By John Gruber
Kolide ensures only secure devices can access your cloud apps.
It’s Zero Trust for Okta.
From the European Commission, “Remarks by Executive Vice-President Vestager on the Statement of Objections Sent to Apple Over Practices Regarding Apple Pay”:
Today, the Commission has sent a Statement of Objections to Apple. We are concerned that Apple may have illegally distorted competition in the market for mobile wallets on Apple devices.
Apple took a vibrant, perfectly balanced market where NFC payments were used by almost no one and turned it into a market where Apple Pay is accepted at most brick and mortar retailers and millions of iPhone users enjoy using it, with whatever credit and debit cards they choose. Let’s get back to a balanced market, right?
Apple restricted access to key inputs that are necessary to develop and run mobile payment apps, so-called ‘mobile wallets’.
Apple Wallet is more than an app; it’s a feature built into the OS. The core of the E.C.’s complaint is that they think Apple should be legally required to allow third party developers to add features to the OS.
NFC technology was developed by third parties, is standardised and available in almost all payment terminals in Europe. There are other technologies, such as those based on QR code, that can be used for mobile payments. But NFC technology is the most widespread in the EU, and allows for the safest and most seamless experience.
This passage, as well as much of the rest of the E.C.’s “statement of objections”, seeks to dismiss the hard work Apple has done to make Apple Pay successful. Yes, NFC is an industry standard, and Apple Pay is, in part, built on top of that. But before Apple Pay, NFC was hardly used, even though Android had supported it since 2011. When Apple Pay launched in late 2014, its support for the existing NFC infrastructure was so good, it worked with many credit card terminals that had no explicit support for “Apple Pay” specifically. The Rite Aid pharmacy chain went so far as to disable its NFC terminals, blocking even Google Wallet, which they officially supported, just to keep people from using Apple Pay — not for any sort of security or anti-fraud reasons, but because Rite Aid was part of the consortium behind the then-still-in-the-works CurrentC. CurrentC seems to be the sort of thing the E.C. is seeking to prop up — user-hostile but mid-sized-company-friendly.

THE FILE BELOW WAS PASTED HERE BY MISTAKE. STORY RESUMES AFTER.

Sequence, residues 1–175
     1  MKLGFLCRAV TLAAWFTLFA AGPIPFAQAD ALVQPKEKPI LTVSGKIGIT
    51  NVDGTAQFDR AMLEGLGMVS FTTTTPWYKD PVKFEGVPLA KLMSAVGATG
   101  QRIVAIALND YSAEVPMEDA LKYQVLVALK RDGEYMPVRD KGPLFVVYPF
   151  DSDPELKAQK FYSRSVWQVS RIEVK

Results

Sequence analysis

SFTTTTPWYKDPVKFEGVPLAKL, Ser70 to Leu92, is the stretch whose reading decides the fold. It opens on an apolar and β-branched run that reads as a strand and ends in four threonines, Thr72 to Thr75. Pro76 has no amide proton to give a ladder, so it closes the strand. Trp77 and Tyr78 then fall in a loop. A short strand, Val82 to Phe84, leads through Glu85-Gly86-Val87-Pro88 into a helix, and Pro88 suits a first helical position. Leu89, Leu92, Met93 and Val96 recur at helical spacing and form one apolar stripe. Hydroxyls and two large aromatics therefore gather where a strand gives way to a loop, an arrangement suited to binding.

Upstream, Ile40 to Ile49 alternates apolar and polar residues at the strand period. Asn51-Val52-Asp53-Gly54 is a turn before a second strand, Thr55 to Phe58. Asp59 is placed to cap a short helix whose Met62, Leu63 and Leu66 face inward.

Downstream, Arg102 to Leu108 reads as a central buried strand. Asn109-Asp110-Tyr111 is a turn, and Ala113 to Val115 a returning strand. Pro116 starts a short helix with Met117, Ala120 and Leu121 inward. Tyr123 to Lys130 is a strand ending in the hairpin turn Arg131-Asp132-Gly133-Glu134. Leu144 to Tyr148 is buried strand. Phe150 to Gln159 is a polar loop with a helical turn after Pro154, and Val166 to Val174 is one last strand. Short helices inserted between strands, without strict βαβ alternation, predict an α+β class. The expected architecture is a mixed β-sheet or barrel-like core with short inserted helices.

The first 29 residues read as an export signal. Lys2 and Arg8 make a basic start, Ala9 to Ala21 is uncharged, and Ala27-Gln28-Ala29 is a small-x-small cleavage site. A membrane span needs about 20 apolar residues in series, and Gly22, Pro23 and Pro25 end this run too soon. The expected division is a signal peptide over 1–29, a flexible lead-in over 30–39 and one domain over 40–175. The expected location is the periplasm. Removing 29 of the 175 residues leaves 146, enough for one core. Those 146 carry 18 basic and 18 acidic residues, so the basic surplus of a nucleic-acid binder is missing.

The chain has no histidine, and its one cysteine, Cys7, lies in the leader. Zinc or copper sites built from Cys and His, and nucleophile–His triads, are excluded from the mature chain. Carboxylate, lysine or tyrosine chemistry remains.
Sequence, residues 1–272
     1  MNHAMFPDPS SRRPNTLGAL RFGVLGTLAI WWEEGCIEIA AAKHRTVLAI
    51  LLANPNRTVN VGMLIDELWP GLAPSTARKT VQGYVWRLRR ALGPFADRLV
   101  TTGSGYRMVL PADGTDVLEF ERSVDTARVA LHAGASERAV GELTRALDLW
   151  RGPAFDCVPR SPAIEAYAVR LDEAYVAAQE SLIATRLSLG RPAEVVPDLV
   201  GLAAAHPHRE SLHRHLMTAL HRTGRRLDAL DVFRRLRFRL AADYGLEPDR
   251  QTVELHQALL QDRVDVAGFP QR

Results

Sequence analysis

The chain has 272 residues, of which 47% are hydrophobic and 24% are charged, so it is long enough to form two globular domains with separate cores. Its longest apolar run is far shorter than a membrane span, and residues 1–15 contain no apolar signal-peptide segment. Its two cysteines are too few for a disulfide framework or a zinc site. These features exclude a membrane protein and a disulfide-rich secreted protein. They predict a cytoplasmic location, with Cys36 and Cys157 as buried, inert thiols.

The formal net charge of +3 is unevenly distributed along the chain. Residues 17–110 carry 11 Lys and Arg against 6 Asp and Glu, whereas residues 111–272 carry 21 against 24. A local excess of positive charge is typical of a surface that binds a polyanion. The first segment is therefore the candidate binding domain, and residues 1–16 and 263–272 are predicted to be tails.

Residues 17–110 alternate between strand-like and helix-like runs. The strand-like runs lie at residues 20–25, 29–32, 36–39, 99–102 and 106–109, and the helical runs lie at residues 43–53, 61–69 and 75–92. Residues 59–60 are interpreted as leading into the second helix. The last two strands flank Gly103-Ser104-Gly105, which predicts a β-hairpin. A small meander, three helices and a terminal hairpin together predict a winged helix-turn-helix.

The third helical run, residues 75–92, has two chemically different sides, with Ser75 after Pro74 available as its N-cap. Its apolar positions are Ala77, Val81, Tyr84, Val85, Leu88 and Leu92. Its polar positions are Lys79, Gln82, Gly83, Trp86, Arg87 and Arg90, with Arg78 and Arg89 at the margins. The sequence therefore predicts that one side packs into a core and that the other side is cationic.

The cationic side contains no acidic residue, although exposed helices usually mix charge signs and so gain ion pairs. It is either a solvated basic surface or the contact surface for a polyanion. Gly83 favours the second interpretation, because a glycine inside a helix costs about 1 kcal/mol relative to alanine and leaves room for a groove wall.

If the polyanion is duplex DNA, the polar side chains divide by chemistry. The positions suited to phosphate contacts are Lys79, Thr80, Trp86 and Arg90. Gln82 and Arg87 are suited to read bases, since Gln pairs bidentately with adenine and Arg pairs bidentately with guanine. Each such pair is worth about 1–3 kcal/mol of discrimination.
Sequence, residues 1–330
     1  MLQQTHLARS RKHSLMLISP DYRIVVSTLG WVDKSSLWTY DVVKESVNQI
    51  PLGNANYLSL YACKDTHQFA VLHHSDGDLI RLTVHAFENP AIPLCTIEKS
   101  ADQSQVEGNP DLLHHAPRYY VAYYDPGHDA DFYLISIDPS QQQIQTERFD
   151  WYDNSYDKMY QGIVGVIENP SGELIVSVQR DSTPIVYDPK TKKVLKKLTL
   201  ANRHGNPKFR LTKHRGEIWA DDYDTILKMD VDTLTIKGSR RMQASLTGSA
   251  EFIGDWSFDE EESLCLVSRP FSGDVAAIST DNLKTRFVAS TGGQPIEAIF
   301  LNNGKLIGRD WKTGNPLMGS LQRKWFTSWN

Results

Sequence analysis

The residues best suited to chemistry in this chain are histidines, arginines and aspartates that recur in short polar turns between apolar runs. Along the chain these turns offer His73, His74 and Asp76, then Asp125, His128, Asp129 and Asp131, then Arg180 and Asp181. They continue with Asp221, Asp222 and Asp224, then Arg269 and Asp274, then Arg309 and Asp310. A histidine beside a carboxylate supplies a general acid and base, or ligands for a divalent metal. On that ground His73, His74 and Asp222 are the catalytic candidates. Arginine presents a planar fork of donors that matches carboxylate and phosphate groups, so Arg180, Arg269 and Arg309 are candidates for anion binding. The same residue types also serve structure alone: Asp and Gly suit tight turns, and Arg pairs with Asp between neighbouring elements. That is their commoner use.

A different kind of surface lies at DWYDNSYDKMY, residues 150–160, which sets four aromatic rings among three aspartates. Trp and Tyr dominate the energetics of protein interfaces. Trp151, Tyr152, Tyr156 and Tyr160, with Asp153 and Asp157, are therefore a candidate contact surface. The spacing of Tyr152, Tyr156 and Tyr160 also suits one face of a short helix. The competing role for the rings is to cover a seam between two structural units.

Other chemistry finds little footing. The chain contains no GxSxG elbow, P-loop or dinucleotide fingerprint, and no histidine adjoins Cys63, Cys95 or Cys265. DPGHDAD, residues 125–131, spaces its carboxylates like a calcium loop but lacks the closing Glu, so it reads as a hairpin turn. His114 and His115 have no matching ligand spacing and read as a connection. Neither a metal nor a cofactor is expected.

Apple Pay was so easy to use people were using it at retailers who weren’t even Apple Pay partners. That’s not a credit to NFC, which had been in place for years. That’s a credit to Apple.
Apple has built a closed ecosystem around its devices and its operating system, iOS. And Apple controls the gates to this ecosystem, setting the rules of the game for anyone who wants to reach consumers using Apple devices. But other app developers depend on the access to this ecosystem to develop innovative mobile wallets.
Translation: Apple designs, implements, and controls iOS. Amazing scoop from the E.C.’s crack investigation team.
The potential for innovation in this space is enormous. But this innovation has been prevented by Apple refusing others to access NFC on its devices. As a result, various features of mobile wallets, such as financial complementary services, are simply not available. Because Apple is not challenged, it has little incentives to innovate itself.